Blog post


An inevitable challenge of analyzing large-scale events of human rights violations (e.g. armed conflict, ethnic riots, violent policing) is the quality of data available. Government data as well as data provided by advocates for victims tend to be biased; governments are likely to undermine the actual scale of violation, rights advocates are likely to overestimate. A preferred alternative for scholars studying violence and conflict is newspapers and similar media-based sources. It's a methodology known as event-based media monitoring (EMM). Of course, EMM brings along its own share of challenges: which media sources to track, what information to look for, how to manage the monitoring process, and what to do with the collected information?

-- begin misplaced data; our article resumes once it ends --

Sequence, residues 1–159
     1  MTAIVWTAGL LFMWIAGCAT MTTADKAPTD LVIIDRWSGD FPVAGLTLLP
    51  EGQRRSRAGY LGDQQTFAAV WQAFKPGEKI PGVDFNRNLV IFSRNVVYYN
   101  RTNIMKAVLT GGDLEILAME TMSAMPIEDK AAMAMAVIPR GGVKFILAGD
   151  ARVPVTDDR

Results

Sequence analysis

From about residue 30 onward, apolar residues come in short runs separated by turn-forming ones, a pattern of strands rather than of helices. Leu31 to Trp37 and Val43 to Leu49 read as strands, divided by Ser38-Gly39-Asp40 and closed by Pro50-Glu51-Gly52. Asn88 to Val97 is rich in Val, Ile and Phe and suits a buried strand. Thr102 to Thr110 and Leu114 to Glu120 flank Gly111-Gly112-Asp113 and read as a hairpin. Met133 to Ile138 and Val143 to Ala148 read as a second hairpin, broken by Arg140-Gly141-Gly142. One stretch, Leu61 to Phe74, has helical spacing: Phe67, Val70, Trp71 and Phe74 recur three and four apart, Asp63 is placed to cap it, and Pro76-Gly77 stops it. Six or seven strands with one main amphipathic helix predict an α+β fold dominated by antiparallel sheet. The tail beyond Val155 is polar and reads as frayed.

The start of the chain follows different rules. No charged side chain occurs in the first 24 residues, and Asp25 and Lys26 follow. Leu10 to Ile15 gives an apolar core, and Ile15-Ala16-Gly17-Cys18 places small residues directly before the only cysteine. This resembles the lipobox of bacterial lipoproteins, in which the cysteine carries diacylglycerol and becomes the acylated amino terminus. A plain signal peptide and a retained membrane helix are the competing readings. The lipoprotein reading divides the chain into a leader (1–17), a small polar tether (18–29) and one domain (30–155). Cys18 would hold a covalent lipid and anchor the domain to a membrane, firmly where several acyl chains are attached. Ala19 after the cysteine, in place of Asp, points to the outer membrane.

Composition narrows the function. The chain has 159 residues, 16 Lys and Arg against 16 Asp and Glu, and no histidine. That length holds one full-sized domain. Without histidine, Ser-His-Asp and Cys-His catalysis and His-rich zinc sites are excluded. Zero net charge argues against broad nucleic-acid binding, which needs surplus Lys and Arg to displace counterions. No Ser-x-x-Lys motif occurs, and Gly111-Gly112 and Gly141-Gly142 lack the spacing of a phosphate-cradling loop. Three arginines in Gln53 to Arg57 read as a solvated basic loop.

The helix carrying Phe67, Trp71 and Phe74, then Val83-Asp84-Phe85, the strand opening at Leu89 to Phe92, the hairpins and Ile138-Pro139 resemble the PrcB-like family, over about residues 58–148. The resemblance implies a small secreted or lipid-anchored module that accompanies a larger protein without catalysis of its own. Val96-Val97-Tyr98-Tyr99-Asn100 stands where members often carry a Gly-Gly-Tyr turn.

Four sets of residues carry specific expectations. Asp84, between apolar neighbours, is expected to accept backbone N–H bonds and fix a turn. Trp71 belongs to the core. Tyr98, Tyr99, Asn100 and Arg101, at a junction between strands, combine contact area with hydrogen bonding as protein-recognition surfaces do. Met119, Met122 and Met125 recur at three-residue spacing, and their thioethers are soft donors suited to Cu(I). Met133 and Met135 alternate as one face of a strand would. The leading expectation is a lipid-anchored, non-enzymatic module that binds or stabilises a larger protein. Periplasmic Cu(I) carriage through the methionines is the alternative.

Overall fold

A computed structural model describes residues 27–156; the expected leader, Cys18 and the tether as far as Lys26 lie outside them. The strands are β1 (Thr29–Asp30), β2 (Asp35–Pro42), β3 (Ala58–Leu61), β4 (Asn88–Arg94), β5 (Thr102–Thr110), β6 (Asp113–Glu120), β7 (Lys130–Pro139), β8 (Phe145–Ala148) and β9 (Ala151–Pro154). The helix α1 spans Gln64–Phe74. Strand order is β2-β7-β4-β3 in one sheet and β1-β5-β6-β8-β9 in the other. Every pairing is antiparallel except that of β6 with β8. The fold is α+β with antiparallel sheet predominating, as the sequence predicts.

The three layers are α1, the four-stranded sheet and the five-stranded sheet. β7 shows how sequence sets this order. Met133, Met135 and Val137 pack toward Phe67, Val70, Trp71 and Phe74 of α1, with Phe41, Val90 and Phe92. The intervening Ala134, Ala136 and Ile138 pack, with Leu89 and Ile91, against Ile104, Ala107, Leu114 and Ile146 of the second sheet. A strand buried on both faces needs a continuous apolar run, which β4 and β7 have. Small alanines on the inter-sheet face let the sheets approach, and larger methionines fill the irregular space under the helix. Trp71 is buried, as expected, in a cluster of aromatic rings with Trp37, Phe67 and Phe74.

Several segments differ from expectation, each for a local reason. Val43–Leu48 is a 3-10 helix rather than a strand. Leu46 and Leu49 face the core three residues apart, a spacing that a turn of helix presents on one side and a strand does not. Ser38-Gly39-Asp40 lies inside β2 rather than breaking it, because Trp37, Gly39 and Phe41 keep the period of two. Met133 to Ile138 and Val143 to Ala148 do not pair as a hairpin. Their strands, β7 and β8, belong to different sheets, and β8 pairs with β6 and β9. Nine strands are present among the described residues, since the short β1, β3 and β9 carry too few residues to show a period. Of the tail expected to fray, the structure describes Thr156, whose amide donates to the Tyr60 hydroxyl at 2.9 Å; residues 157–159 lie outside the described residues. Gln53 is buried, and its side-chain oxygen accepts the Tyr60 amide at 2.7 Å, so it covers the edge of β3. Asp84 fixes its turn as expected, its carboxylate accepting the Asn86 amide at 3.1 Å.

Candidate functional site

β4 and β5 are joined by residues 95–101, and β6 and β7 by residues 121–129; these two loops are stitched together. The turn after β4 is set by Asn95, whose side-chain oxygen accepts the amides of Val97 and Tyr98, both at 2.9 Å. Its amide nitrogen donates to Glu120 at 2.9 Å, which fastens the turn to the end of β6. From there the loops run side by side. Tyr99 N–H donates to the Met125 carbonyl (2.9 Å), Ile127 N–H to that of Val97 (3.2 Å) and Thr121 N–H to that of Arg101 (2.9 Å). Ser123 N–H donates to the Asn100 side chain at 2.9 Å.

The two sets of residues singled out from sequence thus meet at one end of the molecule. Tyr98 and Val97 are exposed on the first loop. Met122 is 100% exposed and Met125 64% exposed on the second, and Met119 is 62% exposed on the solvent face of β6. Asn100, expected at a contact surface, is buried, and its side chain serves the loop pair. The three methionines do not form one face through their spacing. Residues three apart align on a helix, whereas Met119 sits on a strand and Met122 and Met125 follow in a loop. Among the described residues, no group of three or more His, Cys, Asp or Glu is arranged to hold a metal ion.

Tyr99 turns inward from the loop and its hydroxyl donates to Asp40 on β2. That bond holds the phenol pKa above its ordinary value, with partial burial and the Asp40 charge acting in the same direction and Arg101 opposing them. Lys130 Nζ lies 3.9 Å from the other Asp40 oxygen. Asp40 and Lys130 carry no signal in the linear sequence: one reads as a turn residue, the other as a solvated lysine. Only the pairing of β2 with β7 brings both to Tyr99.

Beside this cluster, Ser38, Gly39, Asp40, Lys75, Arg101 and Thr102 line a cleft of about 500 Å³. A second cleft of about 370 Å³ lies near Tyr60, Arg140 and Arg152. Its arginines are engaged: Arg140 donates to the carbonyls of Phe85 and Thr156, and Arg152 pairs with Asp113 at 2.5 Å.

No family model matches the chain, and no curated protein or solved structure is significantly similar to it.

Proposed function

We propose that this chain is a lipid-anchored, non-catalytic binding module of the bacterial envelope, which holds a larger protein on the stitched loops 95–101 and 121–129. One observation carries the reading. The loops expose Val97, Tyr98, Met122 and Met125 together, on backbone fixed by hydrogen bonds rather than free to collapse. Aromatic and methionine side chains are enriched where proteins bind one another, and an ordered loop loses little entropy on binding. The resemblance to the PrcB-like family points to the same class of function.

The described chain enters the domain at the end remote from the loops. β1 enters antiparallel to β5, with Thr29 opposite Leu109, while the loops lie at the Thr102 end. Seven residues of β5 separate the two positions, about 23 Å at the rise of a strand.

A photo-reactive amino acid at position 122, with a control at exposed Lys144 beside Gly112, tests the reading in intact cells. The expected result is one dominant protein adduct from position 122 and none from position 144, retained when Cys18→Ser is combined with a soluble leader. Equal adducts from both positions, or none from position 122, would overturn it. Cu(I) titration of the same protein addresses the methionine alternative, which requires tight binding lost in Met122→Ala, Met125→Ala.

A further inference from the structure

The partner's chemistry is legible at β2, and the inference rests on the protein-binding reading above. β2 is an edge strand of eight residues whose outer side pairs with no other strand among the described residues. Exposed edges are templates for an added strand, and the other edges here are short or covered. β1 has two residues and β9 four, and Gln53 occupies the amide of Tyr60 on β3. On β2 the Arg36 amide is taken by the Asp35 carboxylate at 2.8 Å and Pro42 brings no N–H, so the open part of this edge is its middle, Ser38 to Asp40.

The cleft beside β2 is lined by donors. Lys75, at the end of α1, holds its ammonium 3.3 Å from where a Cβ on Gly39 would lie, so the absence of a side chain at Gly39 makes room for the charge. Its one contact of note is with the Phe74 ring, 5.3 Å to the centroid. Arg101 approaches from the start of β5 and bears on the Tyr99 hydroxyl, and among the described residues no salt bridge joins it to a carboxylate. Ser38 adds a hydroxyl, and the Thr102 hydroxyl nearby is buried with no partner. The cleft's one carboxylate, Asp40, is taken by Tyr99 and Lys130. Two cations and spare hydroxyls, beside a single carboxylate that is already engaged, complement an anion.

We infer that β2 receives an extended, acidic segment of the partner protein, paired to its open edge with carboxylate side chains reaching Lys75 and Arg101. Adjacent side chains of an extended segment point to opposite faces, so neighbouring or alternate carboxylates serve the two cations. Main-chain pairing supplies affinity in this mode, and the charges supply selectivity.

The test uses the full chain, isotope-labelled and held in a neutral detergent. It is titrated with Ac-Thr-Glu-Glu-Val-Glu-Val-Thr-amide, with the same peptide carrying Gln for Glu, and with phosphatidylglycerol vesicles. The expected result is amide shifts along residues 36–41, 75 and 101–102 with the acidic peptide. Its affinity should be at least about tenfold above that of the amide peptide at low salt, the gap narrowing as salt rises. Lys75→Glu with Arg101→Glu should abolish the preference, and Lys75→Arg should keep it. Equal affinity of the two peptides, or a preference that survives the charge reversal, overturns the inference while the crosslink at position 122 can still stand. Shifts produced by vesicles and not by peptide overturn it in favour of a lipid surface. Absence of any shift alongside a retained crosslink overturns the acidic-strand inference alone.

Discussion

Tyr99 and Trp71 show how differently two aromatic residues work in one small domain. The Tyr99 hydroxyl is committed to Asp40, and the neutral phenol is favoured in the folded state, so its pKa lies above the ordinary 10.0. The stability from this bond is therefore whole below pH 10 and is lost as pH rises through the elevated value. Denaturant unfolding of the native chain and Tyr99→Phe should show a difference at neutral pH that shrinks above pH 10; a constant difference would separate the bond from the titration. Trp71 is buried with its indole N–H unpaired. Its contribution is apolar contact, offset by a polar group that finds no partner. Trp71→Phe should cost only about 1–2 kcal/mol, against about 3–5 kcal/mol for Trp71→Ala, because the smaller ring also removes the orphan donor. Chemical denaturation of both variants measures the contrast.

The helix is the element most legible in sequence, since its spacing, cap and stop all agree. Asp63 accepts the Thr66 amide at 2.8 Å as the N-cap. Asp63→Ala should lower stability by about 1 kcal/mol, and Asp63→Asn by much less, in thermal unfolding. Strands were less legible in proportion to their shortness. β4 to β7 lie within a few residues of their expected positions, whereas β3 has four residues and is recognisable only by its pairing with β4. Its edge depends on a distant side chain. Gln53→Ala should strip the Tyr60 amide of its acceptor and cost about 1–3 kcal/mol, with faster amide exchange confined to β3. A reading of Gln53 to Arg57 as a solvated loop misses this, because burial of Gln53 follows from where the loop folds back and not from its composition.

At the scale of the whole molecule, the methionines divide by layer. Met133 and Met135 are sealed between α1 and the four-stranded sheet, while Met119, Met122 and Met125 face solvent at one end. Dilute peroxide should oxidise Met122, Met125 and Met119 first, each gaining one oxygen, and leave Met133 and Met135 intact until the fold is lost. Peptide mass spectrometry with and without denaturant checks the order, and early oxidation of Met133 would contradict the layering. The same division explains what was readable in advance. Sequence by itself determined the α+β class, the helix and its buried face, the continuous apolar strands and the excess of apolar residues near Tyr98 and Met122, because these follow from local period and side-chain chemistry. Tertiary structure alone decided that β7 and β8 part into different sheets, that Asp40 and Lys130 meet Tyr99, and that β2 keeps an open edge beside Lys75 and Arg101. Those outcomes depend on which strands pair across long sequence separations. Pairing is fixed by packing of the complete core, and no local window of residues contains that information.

A recent report from the University of Minnesota, in collaboration with Human Rights Watch, meticulously evaluates the use of manual and automated EMM systems and offers suggestions allowing the collection of valid and reliable data. It interviews and extensively cites the work Dr Raheel Dhattiwala, Postdoctoral Research Fellow in the MnM Centre, for her own data collection strategy that was used to analyze ethnic violence in India as part of a doctoral thesis at Oxford University in 2012. In doing so, the report highlights MnM's principal research priority -- that of adopting rigorous scholarship and new ways of thinking to explain unpredictable sociological phenomena about ethnic and religious communities.

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